This thesis is concerned with the evaluation and development of models related to the emissions and dispersion of traffic induced road dust. Road traffic is a highly important source of a range of pollutants having adverse health and environmental effects. Development of models describing traffic related emissions and dispersion of pollutants will in the end lead to robust models that well reproduce available air quality measurements. Furthermore, such models will aid the analysis of existing mitigation measures, as well as developing new ones, to reduce the emissions of traffic related pollutants.
The first study deals with the modelling of the dispersion and resulting concentration levels of NOx at distances up to 100 m from major roads in rural areas, using four Gaussian open road line source models developed in Norway, Denmark and Finland. These models were applied to datasets from measurement campaigns conducted in rural areas near major roads in the mentioned countries. NOx was considered since it was measured at all sites, its emissions are well known and since it can be treated as a tracer for the short time scales involved. When comparing the models with the measurements we found that the results are sensitive to the parameterisation of traffic produced turbulence (TPT), especially at distances close to the road in combination with low wind speeds. The Danish model OML-Highway performed best at all sites due to its parameterisation of TPT based on turbulent kinetic energy.
The second study is concerned with the development of a more generalised model framework to describe road dust emissions, i.e. emissions of particulate matter (PM) from the road surface due to road surface wear as well as resuspension of deposited material on the road surface and road shoulders. There is a need for a more generalised road dust emission model since the majority of already developed road dust emission models contain empirical constants or functions related to local air quality measurements. As such, the applicability of these models on other road environments is limited and they cannot be used for analysis of mitigation measures related to road dust emissions. The model concept described in this study accounts for the main processes controlling road dust emissions and does not depend on local measurements; it is based on measurements of road, tyre and brake wear to obtain the relevant emission factors. A mass balance concept is used for describing the variation in dust load on the road surface and shoulders. Furthermore, the model separates the direct emissions and resuspension and treats the road surface and shoulder as two individual sources. When applying the model onto two datasets from measurement campaigns conducted at major roads in and outside Oslo, Norway, during the studded tyre season, it performed well during warm periods and less well for temperatures close to or below 0 ºC in combination with precipitation. As such, refinements of the parameterisations of road surface conditions are needed and measurement campaigns with the aim of understanding the effect of road surface conditions on road dust emissions should be conducted. In spite of the current limitations, the model provides a well described conceptual framework and describes processes that no model has ever done before. The model will in the future provide the potential for good air quality planning.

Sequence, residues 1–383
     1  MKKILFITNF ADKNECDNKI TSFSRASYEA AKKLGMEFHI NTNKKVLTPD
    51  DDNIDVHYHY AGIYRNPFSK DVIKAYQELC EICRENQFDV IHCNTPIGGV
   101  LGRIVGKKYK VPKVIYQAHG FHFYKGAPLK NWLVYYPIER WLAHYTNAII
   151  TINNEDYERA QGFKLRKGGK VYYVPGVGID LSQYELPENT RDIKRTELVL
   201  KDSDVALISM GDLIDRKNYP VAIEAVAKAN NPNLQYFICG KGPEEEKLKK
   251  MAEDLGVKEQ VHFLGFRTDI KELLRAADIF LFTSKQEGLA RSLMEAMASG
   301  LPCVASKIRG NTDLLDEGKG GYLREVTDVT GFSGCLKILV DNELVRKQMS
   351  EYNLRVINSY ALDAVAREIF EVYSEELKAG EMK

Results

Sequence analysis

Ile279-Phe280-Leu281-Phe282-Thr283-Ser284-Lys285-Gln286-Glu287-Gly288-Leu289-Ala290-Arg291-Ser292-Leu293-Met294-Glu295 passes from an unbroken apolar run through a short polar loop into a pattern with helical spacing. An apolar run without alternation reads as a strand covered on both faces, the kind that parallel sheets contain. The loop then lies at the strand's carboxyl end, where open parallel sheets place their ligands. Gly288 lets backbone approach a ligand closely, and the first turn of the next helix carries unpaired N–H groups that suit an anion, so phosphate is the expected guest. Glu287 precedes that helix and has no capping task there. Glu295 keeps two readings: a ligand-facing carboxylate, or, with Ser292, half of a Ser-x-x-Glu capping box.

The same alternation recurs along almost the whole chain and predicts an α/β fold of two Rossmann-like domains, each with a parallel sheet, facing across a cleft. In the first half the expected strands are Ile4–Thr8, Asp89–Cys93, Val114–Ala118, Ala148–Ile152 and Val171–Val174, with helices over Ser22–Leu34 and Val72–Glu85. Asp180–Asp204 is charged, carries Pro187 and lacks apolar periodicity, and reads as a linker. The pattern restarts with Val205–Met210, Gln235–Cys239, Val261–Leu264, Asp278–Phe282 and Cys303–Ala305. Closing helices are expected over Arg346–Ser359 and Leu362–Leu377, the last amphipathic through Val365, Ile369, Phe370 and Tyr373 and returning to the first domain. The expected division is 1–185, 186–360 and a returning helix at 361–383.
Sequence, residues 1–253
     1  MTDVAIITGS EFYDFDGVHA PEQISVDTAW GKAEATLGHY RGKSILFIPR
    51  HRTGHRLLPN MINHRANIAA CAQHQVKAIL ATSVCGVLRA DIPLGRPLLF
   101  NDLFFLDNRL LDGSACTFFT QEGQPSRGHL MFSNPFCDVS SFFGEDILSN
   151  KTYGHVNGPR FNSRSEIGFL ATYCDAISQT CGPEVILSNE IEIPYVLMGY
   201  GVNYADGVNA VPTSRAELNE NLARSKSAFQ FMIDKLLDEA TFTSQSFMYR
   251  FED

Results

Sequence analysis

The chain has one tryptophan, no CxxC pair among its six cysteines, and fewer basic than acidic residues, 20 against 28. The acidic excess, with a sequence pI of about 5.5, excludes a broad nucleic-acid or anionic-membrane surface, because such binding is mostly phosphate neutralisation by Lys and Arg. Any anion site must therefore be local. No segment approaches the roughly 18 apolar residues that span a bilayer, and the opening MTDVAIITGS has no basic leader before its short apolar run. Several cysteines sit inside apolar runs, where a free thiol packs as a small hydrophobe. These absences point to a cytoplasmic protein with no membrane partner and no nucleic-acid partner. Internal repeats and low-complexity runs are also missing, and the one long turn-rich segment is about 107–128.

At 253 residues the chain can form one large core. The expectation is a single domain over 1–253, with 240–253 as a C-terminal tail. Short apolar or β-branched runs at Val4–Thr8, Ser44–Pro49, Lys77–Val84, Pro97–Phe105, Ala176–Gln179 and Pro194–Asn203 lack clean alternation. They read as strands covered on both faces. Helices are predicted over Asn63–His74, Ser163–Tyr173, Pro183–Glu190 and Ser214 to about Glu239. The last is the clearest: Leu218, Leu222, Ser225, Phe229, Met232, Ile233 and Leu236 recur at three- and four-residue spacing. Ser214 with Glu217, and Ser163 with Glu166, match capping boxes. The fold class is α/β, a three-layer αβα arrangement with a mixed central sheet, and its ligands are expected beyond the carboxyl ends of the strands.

List of papers presented in this thesis
Berger, J., Walker, S.E., Denby, B., Berkowicz, R., Løfstrøm, P., Ketzel, M., Härkönen, J., Nikmo, J., Karppinen, A., 2010. Evaluation and inter-comparison of open road line source models currently in use in the Nordic countries. Boreal Environmental Research 15: 00-00 (preprint). Will be published 2010.
Berger, J., Denby, B., 2010. A generalised model for traffic induced road dust emissions. Part 1: concept and model description. Submitted to Atmospheric Environment.
Berger, J., Denby, B., 2010. A generalised model for traffic induced road dust emissions. Part 2: model evaluation. Submitted to Atmospheric Environment.